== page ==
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Engineering is the practice of science, engineering science and technology concerned with the solution of problems of economic importance and those essential to the progress of society. Solutions are reliant on basic scientific, mathematical and engineering knowledge. Solutions rely on analysis and synthesis, underpinned by sound techno-economic analysis. Solutions must take into account the needs of society, sustainability and the protection of the physical environment. Engineering work requires management and communication, and must be conducted ethically and within the bounds of applicable legislation.


Engineering work is essential to both economic activity and to national development. Engineering work, while offering such benefits also involves health, safety, environmental, economic and sustainability risks that must be managed. Effective, safe and sustainable engineering work is founded on the competence and integrity of engineering professionals.


Engineering thus involves activities or contributions to activities that serve economic, social or human needs, including:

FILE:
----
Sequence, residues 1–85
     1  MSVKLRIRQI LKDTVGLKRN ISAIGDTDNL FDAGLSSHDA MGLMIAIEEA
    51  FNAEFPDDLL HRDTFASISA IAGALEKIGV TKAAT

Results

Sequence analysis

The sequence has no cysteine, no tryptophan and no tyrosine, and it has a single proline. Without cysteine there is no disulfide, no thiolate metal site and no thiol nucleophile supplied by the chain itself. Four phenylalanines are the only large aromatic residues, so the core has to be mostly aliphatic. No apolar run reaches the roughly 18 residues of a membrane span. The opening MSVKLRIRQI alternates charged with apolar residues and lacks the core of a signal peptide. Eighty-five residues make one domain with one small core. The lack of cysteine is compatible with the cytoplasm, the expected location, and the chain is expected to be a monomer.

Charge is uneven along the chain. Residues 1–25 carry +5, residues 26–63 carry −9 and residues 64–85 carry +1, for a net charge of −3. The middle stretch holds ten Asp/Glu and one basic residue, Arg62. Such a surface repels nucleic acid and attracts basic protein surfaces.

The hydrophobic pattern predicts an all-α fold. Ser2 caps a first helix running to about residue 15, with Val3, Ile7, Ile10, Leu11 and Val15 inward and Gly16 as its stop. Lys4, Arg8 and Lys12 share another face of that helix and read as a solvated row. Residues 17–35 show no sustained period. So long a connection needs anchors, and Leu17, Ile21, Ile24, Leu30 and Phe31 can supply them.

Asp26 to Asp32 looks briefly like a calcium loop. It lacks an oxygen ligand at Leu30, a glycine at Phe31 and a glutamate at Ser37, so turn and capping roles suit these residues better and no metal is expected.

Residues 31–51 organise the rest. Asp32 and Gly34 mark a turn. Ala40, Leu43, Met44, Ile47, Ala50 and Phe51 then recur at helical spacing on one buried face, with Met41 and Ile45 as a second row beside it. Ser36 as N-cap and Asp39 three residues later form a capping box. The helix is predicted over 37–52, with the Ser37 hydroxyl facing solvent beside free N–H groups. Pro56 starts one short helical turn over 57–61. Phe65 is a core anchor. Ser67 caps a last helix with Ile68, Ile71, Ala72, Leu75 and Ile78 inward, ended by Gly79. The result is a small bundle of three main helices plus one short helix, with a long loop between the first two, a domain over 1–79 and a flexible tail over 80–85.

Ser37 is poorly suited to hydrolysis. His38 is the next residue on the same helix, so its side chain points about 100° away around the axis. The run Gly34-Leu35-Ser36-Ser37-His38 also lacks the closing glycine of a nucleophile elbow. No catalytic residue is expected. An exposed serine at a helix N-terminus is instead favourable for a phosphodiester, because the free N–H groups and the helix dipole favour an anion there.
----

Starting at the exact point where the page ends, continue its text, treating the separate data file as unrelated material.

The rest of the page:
• Designing materials, components, systems or processes;
  • Planning the capacity and location of infrastructure;
  • Investigating, advising and reporting on engineering problems;
  • Improvement of materials, components, systems or processes;
  • Managing or operating plant and processes;
  • Managing implementation or construction projects;
  • Implementing designs or solutions;
  • Research, development and commercialization of products, and
  • Education, training and development of engineering personnel.

Where effective persuit of these engineering activities is enabled by:

  • The performance of problem solving, analysis, synthesis, evaluation, communication, self-management, teamwork;
  • Application of specialist and fundamental engineering knowledge and technologies, underpinned by relevant fundamentals of basic science, engineering science and mathematics;
  • Taking measures to safeguard the general and occupational safety, health and welfare of people;
  • Ensuring that solutions are economic, sustainable and protect the environment;
  • Using judgement, guided by engineering knowledge, in decision making; and
  • Effective employment of people, work processes and resources; while, at all times, the Professional;
  • Adheres to the code of ethics, and
  • Takes responsibility for the results of the work.


Management of projects is a fundamental aspect of all engineering work and is employed by engineering personnel of all disciplines in the performance of their daily tasks.


The practice of Engineering thus means the performance of one or more of the engineering activities requiring at least the level of competency defined for Stage 2 categories.